.exceptionally(InvalidParamException.class, 
      // convert "no such param" to null, which is what the client *really* meant
      e -> null)
  .exceptionally(ParamNotSetException.class,
      // "param not set" helpfully provides a default value, just in an icky way
      ParamNotSetException::getDefaultValue);
}

Isn’t this so much nicer? No need to wrap exceptions any more (and so no need to unwrap them) and promise-oriented error recovery looks really nice – much nicer than the try..catch..finally syntax it replaces.

Unfortunately this API doesn’t exist, and the CompletableFuture class doesn’t lend itself to extending very well – I tried and the result wasn’t pretty. Extending the class is much easier in Java 9 and there is even an example child class in the documentation (also the missing failedFuture() method was added in Java 9).

As an alternative to the missing API, I wrote a helper class that allows you to get the same logic with just a bit more text (in Java 9 you’d probably want to add that to a class that extends CompletableFuture). The crux of the implementation is this method:

public static <T,E extends Throwable> Function<Throwable, ? extends T> on(
    Class<E> errType, Function<E, ? extends T> fn) {
  return t -> {
    if (!errType.isInstance(t))
      Thrower.spit(t); // helper method to throw undeclared checked exceptions
    @SuppressWarnings("unchecked") E e = (E)t;
    return fn.apply(e);
  };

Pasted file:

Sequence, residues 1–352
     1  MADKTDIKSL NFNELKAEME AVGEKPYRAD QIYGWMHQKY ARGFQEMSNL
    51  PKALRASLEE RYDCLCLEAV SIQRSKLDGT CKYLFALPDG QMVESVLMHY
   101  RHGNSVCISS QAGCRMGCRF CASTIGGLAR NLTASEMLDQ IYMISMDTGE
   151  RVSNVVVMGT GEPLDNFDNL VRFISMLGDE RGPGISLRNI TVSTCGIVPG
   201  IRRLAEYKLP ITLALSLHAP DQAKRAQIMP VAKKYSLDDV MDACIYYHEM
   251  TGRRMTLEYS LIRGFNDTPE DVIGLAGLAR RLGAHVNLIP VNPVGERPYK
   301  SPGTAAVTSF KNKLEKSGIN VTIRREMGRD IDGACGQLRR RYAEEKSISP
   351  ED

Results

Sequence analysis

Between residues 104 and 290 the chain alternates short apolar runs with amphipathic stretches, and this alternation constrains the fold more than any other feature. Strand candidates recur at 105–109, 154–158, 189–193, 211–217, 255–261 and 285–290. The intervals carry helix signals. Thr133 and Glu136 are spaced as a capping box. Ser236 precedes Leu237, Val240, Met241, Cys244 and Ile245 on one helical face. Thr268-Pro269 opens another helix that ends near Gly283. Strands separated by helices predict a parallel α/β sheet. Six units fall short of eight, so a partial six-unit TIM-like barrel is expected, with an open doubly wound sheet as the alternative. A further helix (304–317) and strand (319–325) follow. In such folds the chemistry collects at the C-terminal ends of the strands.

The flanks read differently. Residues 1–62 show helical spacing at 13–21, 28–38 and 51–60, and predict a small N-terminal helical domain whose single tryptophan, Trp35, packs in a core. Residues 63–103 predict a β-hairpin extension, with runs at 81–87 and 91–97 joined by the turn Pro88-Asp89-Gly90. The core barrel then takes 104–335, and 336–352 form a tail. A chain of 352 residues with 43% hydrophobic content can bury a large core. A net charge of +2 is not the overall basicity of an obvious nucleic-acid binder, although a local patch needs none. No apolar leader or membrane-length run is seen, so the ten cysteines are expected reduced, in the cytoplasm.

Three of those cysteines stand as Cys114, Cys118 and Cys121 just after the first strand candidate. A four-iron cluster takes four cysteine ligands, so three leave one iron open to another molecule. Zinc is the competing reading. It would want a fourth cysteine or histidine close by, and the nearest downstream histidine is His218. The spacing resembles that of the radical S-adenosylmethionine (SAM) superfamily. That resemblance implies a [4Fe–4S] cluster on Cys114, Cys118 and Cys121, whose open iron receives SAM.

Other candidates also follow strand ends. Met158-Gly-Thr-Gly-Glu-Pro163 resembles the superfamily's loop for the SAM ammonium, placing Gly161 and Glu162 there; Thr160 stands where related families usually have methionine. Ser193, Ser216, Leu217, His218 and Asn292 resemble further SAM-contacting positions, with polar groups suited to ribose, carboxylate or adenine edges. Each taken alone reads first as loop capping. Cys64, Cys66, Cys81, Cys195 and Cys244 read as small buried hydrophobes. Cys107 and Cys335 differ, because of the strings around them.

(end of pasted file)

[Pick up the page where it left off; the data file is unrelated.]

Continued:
}

It basically just implements the type test before calling the lambda function with the correct type, and spits unmatched exceptions downstream for handling. Wrap it all up in some generics and you get a nice and friendly API. See this article for a discussion on throwing undeclared checked exceptions and see the full implementation for details.

Then using is not more difficult then the wishful thinking demonstrated above:

public CompletableFuture<Pojo> getValueFromService(String param) {
  return getAPIClient()
  .thenCompose(api -> api.getValue(param))
  .exceptionally(Futures.on(InvalidParamException.class,
      // convert "no such param" to null, which is what the client *really* meant
      e -> null))
  .exceptionally(Futures.on(ParamNotSetException.class,
      // "param not set" helpfully provides a default value, just in an icky way
      ParamNotSetException::getDefaultValue));
}

See the full code for the exceptionally() helper, including the helper Thrower in this gist.

Would you like to see this feature in Java 10? Leave your comments here, on the gist, or in your favorite JCP.


  1. especially for things that claim to be “enterprise versions”, aughh []
  2. again, compare to Vert.x AsyncResult handlers. Other APIs, such as RX also do a good job in reducing boilerplate around error handling []
  3. “downstream” is  the promise-oriented term for what procedural programming calls “up the execution stack” []

One Response to “Java’s CompletableFuture and typed exception handling”

  1. Computer Science:

    Thanks for this informative read, I have shhared
    itt on Twitter.